Tuesday, November 30, 2021

Understanding Genetic Factors that Leave People at Risk for Suicide

 Trigger Warning/Content Warning

This article discusses heavy topics like suicide. This may be a sensitive topic to some readers so please continue reading at your own risk. If you (or someone you know) are in crisis, please call the National Suicide Prevention 24-hour Lifeline at 1-800-273-TALK (8255), or contact the Crisis Text Line by texting TALK to 741741, or visit their website at https://suicidepreventionlifeline.org/

Suicide is an unfortunate epidemic that accounts for about 800,000 deaths per year. Non-fatal suicide attempts occur more than 20 times for every death by suicide. Since suicidal thoughts and behaviors can be lessened with mental health support and treatment, it is imperative that we understand the biological pathways involved so we can provide better treatment and prevention strategies. In a worldwide genome-association study, scientists scanned more than 7.5 million common variations in the DNA sequence of 550,000 people. Of that group, roughly 30,000 of them had made a suicide attempt. They discovered a region on chromosome 7 with DNA variations that increased the risk a person might attempt it.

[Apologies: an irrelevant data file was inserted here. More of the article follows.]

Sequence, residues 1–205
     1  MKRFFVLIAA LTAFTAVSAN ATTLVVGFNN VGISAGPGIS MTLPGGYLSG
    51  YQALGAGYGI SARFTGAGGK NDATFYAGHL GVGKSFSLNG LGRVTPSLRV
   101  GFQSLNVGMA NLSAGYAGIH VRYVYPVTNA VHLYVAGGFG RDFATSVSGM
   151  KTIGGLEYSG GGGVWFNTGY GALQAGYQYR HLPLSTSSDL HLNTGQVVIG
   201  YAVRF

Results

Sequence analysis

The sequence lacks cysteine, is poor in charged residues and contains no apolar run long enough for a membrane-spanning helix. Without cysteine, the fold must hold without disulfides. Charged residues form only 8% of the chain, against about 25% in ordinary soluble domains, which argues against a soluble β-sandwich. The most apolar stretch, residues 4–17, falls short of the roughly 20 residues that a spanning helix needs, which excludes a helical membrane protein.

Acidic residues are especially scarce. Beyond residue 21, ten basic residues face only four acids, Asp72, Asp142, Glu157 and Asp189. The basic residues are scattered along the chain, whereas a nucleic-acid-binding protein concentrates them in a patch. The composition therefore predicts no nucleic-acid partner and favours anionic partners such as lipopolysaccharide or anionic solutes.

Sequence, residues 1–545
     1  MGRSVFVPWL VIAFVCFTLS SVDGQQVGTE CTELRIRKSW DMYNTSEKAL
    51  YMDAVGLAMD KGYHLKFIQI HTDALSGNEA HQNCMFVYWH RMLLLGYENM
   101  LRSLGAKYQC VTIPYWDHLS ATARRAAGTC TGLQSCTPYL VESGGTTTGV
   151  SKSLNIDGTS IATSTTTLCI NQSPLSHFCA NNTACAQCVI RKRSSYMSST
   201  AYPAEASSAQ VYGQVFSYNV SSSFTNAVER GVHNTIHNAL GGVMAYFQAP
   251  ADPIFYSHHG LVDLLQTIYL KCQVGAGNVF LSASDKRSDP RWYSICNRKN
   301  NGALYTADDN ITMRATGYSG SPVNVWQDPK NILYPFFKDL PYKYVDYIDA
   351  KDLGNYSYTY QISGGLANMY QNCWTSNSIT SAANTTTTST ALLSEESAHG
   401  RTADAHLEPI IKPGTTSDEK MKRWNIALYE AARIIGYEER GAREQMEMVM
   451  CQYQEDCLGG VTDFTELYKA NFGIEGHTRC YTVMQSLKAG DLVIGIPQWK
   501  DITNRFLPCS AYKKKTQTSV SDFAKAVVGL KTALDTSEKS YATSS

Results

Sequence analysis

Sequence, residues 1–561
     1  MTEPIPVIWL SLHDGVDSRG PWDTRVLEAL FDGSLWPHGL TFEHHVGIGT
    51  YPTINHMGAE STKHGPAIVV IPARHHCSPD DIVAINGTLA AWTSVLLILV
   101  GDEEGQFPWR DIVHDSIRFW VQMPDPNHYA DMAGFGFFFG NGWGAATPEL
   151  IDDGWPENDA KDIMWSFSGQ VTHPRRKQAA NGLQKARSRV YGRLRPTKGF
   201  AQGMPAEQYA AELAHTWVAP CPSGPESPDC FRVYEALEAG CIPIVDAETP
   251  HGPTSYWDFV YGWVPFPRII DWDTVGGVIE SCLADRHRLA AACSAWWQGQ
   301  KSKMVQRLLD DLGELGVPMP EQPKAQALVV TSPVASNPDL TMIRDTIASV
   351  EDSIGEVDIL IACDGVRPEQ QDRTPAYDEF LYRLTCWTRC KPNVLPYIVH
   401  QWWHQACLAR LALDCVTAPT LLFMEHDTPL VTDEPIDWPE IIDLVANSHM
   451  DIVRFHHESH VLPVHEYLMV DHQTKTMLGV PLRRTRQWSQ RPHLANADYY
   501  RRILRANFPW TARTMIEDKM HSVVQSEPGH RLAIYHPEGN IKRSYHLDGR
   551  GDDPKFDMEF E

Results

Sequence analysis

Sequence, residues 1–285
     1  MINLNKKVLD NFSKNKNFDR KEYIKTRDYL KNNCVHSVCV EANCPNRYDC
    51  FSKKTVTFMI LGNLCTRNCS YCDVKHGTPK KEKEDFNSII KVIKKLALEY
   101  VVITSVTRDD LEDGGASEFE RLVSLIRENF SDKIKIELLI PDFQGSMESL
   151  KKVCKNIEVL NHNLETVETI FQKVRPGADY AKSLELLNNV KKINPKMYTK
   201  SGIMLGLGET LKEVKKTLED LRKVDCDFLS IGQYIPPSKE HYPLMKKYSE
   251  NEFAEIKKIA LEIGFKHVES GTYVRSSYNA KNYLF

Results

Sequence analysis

The risk location had a strong overlap in the genetic basis for suicide attempt and psychiatric disorders like major depression. There were some overlap in the genetics associated with smoking, pain, risk-taking, sleep disturbances, and overall poorer general health. The overlap with these non-psychiatric risk factors turned out to be unchanged when adjusted for psychiatric disorders; meaning that suicide attempt is not a result of non-psychiatric disorders, but that the biology between the two factors are shared. This study lays the foundation for future research in identifying genetic risk factors in other area of the human genome. Understanding the biological pathways involved in suicide means that better treatment and prevention strategies can save others from this tragedy.


1 comment:

  1. It is interesting that there is an overlap in genetics in those suffering with major depression, and that psychiatric disorders may not be the only reason behind suicide attempts. This new knowledge can be used to help treat those suffering with major depression and suicide attempts to get them the help they need.